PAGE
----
Young people will get the option of studying job-friendly technical subjects instead of taking on debt to go to university under new plans by Andy Burnham.
The Mayor of Greater Manchester wants to launch a Manchester Baccalaureate, or MBacc, to help the two-thirds of local students who do not go down the traditional academic route to get a degree.
Mr Burnham said he wants both pathways to be equal and hopes it will mean youngsters in the region do not have to leave to further their education or careers.
“We think this is a change that Greater Manchester urgently needs but the country does too.”
At the launch Mr Burnham cited a Royal Commission in 1884 that visited Manchester concluding the lack of vocational education for youngsters was damaging the British economy.
Under the current system, young people are offered a clear pathway to university through the EBacc at age 14 – a set of subjects opening up opportunities to A-levels, university and employment.
The MBacc would run alongside the EBacc to maximise students’ chances of getting future jobs by guiding them towards subjects including engineering, business studies and art and design alongside the core subjects of maths, English and computer science.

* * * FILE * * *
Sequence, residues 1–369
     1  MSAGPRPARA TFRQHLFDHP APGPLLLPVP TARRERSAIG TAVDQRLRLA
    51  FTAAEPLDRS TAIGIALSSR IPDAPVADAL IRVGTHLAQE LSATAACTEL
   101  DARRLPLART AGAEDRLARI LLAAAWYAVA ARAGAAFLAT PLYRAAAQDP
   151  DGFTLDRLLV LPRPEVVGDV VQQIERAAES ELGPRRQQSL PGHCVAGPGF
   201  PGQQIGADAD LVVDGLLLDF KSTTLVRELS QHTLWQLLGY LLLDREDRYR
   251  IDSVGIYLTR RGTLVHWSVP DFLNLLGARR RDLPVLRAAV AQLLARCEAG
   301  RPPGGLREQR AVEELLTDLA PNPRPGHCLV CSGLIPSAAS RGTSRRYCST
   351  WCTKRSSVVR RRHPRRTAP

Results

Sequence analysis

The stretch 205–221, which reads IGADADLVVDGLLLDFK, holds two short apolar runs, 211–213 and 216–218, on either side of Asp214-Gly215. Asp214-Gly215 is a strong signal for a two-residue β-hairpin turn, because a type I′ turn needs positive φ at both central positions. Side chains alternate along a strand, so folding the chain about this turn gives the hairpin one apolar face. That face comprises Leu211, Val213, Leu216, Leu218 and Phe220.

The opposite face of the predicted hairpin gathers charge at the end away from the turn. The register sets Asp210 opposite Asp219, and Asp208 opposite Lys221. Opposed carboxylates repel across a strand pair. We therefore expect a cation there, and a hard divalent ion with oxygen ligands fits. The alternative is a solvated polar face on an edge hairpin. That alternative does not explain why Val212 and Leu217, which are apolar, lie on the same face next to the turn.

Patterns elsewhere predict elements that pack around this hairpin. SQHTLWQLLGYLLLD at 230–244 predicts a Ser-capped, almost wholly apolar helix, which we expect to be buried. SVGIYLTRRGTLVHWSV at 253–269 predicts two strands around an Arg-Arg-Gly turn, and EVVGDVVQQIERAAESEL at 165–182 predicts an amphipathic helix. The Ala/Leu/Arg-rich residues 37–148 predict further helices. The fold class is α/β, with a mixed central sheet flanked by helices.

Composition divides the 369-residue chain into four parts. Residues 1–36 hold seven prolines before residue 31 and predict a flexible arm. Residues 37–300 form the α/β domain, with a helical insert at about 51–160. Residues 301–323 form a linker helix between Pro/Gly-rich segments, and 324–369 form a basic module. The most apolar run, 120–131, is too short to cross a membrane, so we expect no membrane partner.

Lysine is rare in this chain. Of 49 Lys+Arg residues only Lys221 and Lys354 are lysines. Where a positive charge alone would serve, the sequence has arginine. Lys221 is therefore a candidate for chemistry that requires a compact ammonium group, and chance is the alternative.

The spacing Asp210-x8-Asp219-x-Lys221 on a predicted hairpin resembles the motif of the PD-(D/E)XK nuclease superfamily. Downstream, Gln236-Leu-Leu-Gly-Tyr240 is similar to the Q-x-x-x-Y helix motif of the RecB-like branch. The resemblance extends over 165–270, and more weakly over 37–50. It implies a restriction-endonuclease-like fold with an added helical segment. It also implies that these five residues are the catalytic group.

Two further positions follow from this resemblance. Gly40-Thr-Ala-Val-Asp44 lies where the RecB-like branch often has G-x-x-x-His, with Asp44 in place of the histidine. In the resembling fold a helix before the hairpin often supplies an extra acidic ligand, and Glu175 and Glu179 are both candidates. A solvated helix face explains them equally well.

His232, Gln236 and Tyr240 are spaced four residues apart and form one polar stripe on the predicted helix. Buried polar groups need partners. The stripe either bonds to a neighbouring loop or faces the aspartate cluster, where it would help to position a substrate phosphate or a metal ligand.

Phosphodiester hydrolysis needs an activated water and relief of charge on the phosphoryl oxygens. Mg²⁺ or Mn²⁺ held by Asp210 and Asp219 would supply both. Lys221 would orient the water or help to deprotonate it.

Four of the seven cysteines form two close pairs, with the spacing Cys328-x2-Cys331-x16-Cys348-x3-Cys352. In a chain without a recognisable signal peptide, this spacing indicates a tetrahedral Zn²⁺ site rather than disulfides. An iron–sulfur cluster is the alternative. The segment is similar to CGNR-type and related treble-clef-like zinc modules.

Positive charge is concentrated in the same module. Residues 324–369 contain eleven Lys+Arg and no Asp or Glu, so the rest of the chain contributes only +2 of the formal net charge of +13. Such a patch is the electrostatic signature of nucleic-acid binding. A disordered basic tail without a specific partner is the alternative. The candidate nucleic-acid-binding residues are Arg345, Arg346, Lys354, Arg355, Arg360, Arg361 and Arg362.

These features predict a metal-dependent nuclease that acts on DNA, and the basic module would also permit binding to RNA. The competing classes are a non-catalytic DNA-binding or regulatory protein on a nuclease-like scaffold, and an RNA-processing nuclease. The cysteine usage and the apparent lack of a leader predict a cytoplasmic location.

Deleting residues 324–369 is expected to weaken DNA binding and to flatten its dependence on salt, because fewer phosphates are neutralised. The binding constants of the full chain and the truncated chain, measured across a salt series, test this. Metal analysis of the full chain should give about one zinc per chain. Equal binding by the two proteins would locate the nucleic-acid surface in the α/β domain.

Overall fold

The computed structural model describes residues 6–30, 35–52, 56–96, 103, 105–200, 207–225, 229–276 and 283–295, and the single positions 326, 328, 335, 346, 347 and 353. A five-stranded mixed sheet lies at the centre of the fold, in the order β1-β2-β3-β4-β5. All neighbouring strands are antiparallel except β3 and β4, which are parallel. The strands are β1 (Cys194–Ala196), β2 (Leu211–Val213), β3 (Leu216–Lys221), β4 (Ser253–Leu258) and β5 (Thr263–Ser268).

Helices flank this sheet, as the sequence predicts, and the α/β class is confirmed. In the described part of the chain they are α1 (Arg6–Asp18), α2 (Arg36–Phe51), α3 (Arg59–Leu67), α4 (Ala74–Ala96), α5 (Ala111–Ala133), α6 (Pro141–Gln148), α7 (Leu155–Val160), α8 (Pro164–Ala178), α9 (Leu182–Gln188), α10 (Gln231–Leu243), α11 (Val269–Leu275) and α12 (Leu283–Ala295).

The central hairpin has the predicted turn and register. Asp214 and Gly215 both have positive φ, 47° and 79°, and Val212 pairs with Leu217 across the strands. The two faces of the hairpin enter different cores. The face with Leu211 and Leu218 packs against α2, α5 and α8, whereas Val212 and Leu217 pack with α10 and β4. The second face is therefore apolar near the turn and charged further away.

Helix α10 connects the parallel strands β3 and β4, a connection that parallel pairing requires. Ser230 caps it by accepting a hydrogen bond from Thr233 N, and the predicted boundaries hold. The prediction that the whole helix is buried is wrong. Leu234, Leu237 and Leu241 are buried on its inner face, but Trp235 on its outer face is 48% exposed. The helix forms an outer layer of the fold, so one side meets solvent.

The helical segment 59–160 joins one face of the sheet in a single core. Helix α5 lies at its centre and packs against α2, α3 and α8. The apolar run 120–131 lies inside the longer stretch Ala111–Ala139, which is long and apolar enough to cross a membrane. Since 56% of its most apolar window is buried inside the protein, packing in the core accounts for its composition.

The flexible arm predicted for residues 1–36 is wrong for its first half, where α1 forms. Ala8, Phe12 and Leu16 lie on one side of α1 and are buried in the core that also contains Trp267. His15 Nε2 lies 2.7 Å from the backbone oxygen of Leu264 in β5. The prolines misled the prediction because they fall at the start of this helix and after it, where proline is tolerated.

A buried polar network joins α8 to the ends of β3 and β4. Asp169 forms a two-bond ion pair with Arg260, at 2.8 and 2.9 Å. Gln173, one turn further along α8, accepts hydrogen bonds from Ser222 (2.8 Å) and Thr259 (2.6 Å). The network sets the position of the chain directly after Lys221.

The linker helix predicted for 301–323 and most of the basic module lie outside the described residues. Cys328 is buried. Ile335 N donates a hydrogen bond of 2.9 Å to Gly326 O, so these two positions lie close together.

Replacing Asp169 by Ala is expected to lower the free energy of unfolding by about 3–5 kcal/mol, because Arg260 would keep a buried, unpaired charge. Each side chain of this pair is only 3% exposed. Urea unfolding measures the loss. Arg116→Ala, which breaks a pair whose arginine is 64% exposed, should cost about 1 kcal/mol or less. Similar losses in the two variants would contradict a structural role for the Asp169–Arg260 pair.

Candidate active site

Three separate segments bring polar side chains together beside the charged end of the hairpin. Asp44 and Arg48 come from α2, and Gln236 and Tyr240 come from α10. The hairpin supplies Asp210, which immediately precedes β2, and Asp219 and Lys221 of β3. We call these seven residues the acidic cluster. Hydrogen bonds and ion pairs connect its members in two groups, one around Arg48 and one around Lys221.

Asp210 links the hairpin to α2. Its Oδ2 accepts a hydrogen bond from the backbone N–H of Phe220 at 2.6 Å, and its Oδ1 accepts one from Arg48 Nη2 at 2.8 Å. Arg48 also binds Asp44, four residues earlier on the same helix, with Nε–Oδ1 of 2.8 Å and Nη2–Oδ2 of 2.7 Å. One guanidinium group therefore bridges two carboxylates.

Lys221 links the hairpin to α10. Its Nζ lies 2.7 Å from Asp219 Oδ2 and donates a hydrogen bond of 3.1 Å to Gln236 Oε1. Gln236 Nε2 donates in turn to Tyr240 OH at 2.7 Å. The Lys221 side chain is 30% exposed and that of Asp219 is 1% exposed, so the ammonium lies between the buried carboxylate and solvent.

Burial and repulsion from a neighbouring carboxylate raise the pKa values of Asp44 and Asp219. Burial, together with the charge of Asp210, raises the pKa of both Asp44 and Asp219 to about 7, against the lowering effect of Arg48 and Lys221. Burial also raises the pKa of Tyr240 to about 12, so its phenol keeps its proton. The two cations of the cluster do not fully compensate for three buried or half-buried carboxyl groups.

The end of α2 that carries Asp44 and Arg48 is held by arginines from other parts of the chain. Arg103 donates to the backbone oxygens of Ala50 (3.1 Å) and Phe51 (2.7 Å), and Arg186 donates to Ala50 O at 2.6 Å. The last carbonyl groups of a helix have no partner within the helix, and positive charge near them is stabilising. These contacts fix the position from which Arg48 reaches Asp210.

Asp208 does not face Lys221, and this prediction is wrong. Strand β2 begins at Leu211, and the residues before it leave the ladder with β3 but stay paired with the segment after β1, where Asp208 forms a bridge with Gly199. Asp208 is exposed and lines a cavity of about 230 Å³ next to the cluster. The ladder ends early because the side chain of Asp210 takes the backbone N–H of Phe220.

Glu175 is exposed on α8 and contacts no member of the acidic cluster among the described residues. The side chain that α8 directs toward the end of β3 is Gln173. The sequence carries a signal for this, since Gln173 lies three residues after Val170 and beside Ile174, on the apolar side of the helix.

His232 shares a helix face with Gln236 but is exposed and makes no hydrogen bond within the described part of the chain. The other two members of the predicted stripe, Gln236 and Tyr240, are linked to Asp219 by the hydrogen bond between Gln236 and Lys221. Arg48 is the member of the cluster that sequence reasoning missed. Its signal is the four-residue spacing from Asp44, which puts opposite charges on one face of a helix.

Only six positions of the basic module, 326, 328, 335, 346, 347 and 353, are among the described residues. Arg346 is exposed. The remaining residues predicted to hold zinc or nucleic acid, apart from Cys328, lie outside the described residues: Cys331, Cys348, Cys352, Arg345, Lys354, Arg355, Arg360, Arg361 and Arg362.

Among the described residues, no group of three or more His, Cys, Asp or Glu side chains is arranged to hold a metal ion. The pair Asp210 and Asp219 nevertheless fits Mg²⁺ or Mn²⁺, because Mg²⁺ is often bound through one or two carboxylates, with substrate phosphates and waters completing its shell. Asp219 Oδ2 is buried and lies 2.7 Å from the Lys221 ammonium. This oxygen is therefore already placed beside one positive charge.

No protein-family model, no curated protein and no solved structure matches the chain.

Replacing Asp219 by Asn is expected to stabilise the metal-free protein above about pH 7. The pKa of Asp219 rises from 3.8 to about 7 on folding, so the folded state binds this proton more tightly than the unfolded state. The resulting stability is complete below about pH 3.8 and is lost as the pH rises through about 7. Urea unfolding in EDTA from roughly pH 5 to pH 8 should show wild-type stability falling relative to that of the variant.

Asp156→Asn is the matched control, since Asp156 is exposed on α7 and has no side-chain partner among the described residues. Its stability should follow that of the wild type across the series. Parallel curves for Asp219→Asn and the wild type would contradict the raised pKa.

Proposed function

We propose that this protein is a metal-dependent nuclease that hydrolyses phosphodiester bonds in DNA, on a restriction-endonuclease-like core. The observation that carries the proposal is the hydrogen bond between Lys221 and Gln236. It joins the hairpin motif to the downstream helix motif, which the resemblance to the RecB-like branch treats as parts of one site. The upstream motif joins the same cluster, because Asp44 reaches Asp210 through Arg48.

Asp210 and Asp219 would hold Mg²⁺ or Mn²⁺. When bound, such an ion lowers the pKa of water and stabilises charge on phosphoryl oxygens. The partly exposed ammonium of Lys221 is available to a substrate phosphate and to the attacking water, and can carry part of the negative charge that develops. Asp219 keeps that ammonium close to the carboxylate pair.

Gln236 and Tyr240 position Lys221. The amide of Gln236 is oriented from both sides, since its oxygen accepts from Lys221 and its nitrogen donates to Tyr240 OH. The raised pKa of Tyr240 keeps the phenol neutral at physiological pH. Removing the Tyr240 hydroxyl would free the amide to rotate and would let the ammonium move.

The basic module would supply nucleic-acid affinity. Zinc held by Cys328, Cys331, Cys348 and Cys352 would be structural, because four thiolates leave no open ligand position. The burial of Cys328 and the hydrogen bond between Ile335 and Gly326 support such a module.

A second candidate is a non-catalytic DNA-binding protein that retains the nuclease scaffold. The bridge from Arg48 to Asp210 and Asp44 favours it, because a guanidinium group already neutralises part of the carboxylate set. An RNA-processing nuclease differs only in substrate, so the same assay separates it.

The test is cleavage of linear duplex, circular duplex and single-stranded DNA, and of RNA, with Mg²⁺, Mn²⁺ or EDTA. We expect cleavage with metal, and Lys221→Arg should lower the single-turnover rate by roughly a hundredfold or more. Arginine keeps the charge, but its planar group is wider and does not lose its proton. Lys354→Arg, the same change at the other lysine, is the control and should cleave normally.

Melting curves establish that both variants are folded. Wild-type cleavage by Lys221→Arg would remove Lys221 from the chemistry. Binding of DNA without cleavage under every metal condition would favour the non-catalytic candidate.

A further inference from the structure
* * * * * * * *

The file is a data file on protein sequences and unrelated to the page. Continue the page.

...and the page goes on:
The plan has the backing of local colleges and business leaders.
Mr Burnham added: “For too long we have ignored the value of technical skills and that ends today in Greater Manchester.
“The EBacc is great for young people who want to go on to university, but there is no equivalent suite of qualifications at 14 and 16 that align with the real-life employment opportunities being created in our city region.
“There is also no direct link to employers, leading to skills gaps in the Greater Manchester economy and confusion from young people on what they need to do to secure a job in their chosen industry.
“Today is the start of the journey of creating a clear and equal pathway for technical education.”
If the plans go ahead the MBacc would start in September 2024 subject to ongoing discussion with central government.